Pakistan’s Inter-Services Intelligence Directorate (ISI) is described as a terrorist organisation at the same level of threat as Al Qaeda, Taliban and Hamas, by the US, according to Guantánamo Bay files obtained by The Guardian.The article draws on the background of 700 Guantanamo prisoners and intelligence reports which accuse the ISI of supporting and protecting insurgents who have clashed with Afghanistan’s coalition forces, and assisting al-Qaeda. The Guardian reports:
One example is found among reasons given by Guantánamo officials for the continued detention of Harun Shirzad al-Afghani, a veteran militant who arrived there in June 2007. His file states he is believed to have attended a meeting in August 2006 at which Pakistani military and intelligence officials joined senior figures in the Taliban, al-Qaida, the Lashkar-e-Taiba group responsible for the 2008 attack in Mumbai and the Hezb-e-Islami group led by Gulbuddin Hekmatyar.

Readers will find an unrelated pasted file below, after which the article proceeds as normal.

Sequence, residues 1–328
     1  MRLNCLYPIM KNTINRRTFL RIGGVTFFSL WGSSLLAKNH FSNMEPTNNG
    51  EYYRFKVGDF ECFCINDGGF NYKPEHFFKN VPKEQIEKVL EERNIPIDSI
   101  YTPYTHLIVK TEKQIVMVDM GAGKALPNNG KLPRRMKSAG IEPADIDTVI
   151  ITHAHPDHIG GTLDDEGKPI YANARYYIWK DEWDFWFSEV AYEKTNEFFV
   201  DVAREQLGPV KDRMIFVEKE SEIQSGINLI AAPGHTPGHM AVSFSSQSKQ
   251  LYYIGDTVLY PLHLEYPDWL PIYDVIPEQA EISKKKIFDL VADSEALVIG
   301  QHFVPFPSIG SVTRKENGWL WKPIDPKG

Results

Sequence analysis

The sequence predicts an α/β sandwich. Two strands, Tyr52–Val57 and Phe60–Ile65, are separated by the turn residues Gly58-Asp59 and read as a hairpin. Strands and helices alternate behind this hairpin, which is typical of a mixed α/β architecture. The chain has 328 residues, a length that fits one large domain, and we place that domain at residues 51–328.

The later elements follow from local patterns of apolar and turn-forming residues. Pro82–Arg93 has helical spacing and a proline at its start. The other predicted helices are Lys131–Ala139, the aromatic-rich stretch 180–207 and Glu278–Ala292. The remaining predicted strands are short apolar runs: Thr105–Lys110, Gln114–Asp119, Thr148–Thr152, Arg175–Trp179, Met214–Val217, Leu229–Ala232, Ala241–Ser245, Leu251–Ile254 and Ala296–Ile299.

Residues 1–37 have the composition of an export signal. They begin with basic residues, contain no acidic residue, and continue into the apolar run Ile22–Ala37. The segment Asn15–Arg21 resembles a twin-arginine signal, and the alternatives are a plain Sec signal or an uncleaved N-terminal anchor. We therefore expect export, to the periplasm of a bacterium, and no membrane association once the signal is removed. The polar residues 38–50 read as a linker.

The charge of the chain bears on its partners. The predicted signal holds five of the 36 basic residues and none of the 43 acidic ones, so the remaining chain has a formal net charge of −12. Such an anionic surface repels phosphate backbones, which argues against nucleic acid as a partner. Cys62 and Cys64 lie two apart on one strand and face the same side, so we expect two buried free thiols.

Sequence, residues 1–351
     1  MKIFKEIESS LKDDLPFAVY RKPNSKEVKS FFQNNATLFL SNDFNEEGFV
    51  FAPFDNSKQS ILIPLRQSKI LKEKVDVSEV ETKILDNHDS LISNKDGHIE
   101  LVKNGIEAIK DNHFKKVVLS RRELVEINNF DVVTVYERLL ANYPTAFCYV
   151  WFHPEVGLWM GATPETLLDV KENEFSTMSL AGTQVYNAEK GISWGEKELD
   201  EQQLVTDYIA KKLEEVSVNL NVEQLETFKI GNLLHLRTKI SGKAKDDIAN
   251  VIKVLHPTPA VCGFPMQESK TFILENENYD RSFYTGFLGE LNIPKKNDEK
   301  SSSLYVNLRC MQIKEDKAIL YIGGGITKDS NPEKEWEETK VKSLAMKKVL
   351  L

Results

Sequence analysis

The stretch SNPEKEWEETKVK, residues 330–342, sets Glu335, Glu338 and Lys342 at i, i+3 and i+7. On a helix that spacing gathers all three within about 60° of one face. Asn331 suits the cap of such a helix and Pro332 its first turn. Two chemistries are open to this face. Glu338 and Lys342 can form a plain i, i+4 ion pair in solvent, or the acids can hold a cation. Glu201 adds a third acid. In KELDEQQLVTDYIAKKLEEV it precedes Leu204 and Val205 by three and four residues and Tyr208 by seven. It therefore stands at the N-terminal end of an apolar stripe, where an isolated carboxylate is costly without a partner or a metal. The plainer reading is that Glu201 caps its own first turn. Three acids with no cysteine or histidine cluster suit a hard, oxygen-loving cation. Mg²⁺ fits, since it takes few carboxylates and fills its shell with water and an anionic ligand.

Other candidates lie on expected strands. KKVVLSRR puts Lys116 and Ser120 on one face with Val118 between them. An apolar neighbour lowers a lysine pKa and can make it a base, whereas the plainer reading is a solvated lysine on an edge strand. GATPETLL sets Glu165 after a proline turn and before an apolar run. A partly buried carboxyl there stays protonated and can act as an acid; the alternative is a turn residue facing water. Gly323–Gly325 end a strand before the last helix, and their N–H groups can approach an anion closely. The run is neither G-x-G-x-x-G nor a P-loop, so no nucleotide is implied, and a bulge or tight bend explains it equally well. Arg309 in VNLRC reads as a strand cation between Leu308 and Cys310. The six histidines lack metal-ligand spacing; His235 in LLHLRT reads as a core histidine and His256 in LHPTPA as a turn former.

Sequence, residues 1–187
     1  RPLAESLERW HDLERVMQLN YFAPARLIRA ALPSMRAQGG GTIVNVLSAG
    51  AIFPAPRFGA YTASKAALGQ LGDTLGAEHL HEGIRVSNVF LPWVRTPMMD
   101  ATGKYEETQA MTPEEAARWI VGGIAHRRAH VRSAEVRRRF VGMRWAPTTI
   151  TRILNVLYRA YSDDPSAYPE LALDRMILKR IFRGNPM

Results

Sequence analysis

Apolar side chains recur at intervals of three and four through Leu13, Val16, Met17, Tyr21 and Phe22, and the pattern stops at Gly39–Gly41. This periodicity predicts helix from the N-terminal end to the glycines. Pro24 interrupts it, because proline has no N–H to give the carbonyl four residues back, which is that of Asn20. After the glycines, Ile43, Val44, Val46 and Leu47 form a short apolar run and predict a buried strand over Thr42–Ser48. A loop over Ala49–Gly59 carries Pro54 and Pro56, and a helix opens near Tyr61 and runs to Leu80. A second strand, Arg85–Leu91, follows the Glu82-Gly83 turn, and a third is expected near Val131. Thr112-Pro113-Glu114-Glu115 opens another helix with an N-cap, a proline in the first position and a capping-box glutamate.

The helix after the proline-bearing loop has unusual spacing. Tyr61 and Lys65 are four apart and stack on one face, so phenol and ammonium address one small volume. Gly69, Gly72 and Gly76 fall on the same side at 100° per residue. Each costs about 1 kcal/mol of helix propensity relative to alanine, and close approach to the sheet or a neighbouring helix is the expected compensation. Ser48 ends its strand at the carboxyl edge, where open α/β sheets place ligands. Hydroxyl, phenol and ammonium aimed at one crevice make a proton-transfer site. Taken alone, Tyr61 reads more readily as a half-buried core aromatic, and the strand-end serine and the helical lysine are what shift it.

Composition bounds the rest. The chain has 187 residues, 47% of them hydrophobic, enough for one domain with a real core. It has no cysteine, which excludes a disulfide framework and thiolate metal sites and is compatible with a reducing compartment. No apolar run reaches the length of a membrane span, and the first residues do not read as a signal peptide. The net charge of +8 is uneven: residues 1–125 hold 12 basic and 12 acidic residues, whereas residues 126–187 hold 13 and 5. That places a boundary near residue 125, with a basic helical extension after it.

The meeting was to discuss operations in Afghanistan against coalition forces, says the memo. It cites an unidentified letter in the possession of US intelligence services describing the meeting which, it says, ended with a decision by the various insurgent factions “to increase terrorist operations in the Kapisa, Kunar, Laghman and Nangarhar provinces [of Afghanistan], including suicide bombings, mines, and assassinations”.
The documents largely reference before the policy shift in 2007 when the Bush administration began to distance itself from former President Musharraf. The documents also reveal that ISI co-operation has led to high-profile arrests of current Guantánamo Bay detainees, including Khaled Sheikh Mohammed, who planned the 9/11 attacks.
Pakistani officials have consistently denied such links. Tensions between the US and Pakistan are set to increase on the revelation of these reports. There has been outrage against US drone attacks on the country and the recent shooting of two men by CIA operative Raymond Davis.
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